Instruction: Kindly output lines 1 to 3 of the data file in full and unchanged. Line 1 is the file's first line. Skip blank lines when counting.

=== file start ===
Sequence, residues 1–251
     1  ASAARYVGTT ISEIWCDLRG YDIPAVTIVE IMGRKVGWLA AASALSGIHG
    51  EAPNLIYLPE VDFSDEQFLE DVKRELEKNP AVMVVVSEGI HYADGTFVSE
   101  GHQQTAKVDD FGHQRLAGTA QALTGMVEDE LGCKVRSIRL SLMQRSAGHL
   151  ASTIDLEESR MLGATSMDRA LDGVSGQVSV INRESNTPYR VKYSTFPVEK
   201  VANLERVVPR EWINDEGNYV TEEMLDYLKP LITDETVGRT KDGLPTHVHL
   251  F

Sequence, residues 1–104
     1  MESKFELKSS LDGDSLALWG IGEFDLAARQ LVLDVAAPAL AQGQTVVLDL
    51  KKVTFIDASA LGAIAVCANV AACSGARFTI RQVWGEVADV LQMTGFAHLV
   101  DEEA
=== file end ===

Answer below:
Sequence, residues 1–251
     1  ASAARYVGTT ISEIWCDLRG YDIPAVTIVE IMGRKVGWLA AASALSGIHG
    51  EAPNLIYLPE VDFSDEQFLE DVKRELEKNP AVMVVVSEGI HYADGTFVSE